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THE CONCEPT OF GENDER
Development of the gender concept…read more

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The concept of gender
Slaby and Frey (1975) found that there are three
distinct stages that children must go through in order
to develop an understanding of their gender. This
happens in the following order:
This occurs when a child can
Gender Identity correctly label themselves as
a boy or a girl.
This occurs when the child
understands that they have
Gender stability
always been/will always be a
boy or a girl/man or a woman.
This occurs when the child
realises that their gender will
Gender consistency
not change even if their
appearance changes.…read more

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Slaby and Frey (1975)
also discovered the
ages at which these
concepts developed:
three-year olds didn't
understand any of
these concepts; four-
year olds understood
gender identity and
41/2- to 5-year olds
understood all three
concepts.…read more

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Research
Slaby and Frey's evidence comes from questioning and
observing young children. When children over the age of two
are shown a picture of a young boy and girl and asked `Which
one are you?' they can give an appropriate response by
pointing at the appropriate picture. Children with gender
stability can give correct answers to `Were you a little boy or
a little girl when you were a baby?' and `When you grow up,
will you be a mummy or a daddy?' To test for gender
consistence, pre-school children were shown a film with
men on one side and women on the other. Those children
who had previously been rated as having a greater gender
consistency watched more same-gender models. This shows
that children at this stage of development are more focused
on same-gender models. This shows that children at this
stage of development are more focused on same-gender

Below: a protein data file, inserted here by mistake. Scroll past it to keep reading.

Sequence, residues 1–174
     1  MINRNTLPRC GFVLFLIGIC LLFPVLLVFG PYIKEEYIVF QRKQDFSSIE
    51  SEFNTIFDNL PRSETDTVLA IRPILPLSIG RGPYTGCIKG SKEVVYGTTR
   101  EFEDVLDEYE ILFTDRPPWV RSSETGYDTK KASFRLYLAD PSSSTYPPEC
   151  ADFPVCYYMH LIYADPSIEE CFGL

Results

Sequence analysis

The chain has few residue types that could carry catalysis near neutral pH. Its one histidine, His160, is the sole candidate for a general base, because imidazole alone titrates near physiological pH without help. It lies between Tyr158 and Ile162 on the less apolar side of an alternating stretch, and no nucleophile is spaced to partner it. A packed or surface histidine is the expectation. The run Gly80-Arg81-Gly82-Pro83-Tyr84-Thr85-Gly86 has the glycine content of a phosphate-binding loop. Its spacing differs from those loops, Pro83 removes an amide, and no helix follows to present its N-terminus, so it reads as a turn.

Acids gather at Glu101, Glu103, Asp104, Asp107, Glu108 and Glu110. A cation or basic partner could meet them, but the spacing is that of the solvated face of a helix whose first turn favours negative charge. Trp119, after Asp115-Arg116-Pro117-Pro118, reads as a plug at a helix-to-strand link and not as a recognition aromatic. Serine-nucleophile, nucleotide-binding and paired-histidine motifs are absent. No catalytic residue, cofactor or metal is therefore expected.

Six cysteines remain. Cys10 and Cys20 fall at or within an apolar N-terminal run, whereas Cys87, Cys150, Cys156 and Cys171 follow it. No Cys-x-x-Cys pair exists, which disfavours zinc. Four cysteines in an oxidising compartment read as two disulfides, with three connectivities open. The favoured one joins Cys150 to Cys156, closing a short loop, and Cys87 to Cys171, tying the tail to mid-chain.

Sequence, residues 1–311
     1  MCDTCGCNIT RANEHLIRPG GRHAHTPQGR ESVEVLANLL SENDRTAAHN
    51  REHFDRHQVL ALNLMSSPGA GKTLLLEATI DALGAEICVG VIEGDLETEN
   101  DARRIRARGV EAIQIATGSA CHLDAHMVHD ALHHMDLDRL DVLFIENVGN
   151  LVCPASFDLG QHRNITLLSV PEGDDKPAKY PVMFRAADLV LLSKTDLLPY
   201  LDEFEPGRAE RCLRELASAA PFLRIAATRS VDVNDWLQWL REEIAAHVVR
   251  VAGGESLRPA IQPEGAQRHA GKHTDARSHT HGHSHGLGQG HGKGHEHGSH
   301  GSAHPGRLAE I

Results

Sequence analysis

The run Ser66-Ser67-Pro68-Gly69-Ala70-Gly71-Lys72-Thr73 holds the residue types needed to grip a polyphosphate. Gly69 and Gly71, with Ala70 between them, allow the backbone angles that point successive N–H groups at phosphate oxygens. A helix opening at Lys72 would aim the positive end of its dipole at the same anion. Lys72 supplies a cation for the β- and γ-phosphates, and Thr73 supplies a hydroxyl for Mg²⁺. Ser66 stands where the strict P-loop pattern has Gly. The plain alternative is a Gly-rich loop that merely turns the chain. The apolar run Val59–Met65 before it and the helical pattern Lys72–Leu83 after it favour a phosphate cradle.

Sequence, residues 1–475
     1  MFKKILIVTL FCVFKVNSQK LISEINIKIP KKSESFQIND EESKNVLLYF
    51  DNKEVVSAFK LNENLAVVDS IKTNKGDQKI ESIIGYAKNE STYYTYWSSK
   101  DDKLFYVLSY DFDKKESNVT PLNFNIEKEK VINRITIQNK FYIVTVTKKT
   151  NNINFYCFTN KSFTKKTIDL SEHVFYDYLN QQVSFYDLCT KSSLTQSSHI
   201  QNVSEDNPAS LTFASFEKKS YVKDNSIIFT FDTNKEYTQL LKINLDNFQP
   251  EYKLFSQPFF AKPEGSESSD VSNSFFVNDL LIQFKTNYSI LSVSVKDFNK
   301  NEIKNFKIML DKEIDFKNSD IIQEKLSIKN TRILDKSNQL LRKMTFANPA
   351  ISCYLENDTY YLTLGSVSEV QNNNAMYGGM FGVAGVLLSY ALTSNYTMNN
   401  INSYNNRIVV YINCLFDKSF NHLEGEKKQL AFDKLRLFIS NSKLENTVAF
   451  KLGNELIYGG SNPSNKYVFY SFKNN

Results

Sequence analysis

models that will provide them with information about…read more

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Evaluation of methods
Pointing at pictures is a good technique for testing young children because
their understanding of speech may be greater than their ability to produce it,
so asking them to verbalise a response could be an unfair test of their
understanding.
The children were at an age where they would already be familiar with
different faces so the use of pictures of people as stimulus material has face
and ecological validity. It is highly appropriate to children's everyday
experience.
As children's cognitive competence improved, more searching questions
were asked which were still very simple and child-friendly, requiring a `yes'
or `no' answer.
The procedure of using films in order to measure how much children
watched same or opposite sex characters is another simple and unobtrusive
way to tell us which gender they identified with more in a way which is
ethically acceptable because it is harmless to the children involved.
Even very young children are aware of trying to make a good impression and
give the responses they think adults expect. This could have been an
unwanted source of bias in the questioning stages of the study.…read more

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